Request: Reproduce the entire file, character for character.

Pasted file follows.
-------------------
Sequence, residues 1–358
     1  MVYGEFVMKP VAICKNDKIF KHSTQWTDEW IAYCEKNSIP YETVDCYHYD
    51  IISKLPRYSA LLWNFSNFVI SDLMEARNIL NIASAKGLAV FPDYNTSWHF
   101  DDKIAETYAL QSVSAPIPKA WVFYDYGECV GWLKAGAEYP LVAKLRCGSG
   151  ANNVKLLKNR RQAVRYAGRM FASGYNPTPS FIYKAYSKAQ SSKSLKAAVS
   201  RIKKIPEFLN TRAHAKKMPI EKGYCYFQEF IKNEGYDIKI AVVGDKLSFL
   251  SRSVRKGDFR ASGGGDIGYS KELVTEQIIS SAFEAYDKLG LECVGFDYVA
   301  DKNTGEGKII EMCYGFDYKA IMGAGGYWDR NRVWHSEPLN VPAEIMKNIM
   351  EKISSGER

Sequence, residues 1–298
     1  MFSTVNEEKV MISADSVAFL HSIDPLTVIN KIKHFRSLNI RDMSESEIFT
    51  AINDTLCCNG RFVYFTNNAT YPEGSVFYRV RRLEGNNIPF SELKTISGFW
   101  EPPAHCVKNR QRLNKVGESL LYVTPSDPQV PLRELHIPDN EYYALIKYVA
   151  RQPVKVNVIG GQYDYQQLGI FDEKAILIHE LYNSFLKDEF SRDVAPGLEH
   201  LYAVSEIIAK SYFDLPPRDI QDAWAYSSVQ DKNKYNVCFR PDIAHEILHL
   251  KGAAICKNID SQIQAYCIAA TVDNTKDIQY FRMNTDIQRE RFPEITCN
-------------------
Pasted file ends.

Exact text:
Sequence, residues 1–358
     1  MVYGEFVMKP VAICKNDKIF KHSTQWTDEW IAYCEKNSIP YETVDCYHYD
    51  IISKLPRYSA LLWNFSNFVI SDLMEARNIL NIASAKGLAV FPDYNTSWHF
   101  DDKIAETYAL QSVSAPIPKA WVFYDYGECV GWLKAGAEYP LVAKLRCGSG
   151  ANNVKLLKNR RQAVRYAGRM FASGYNPTPS FIYKAYSKAQ SSKSLKAAVS
   201  RIKKIPEFLN TRAHAKKMPI EKGYCYFQEF IKNEGYDIKI AVVGDKLSFL
   251  SRSVRKGDFR ASGGGDIGYS KELVTEQIIS SAFEAYDKLG LECVGFDYVA
   301  DKNTGEGKII EMCYGFDYKA IMGAGGYWDR NRVWHSEPLN VPAEIMKNIM
   351  EKISSGER

Sequence, residues 1–298
     1  MFSTVNEEKV MISADSVAFL HSIDPLTVIN KIKHFRSLNI RDMSESEIFT
    51  AINDTLCCNG RFVYFTNNAT YPEGSVFYRV RRLEGNNIPF SELKTISGFW
   101  EPPAHCVKNR QRLNKVGESL LYVTPSDPQV PLRELHIPDN EYYALIKYVA
   151  RQPVKVNVIG GQYDYQQLGI FDEKAILIHE LYNSFLKDEF SRDVAPGLEH
   201  LYAVSEIIAK SYFDLPPRDI QDAWAYSSVQ DKNKYNVCFR PDIAHEILHL
   251  KGAAICKNID SQIQAYCIAA TVDNTKDIQY FRMNTDIQRE RFPEITCN